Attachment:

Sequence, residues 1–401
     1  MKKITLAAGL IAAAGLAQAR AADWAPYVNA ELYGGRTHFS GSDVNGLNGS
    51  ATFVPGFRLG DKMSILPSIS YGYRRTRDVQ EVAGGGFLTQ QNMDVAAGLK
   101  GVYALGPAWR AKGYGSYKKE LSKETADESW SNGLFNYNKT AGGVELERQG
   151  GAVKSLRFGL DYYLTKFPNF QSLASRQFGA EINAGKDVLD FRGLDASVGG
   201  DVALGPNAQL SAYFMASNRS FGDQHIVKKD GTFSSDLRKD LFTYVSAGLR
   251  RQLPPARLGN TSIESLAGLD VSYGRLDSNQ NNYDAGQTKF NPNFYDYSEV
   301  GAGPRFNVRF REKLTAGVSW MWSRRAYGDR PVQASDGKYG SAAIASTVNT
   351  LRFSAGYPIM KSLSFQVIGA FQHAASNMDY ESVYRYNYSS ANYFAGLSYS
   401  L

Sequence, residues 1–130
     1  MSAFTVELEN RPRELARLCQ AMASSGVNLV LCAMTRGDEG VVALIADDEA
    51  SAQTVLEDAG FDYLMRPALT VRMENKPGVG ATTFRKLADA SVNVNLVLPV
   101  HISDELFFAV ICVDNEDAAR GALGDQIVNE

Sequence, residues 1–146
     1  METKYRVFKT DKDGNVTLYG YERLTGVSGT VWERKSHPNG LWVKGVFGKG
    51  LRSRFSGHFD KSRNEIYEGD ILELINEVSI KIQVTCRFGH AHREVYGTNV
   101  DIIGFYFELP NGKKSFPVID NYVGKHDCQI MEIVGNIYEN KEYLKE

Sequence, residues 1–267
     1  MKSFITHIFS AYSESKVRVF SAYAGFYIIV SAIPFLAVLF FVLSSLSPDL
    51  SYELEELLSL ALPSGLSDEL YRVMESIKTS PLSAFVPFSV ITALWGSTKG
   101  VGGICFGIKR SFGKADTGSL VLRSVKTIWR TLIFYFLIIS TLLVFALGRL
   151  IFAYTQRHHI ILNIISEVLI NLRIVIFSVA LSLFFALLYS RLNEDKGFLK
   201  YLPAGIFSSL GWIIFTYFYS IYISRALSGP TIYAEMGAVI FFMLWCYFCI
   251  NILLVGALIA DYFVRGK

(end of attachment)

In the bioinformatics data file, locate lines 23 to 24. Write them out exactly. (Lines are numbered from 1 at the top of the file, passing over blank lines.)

   151  IFAYTQRHHI ILNIISEVLI NLRIVIFSVA LSLFFALLYS RLNEDKGFLK
   201  YLPAGIFSSL GWIIFTYFYS IYISRALSGP TIYAEMGAVI FFMLWCYFCI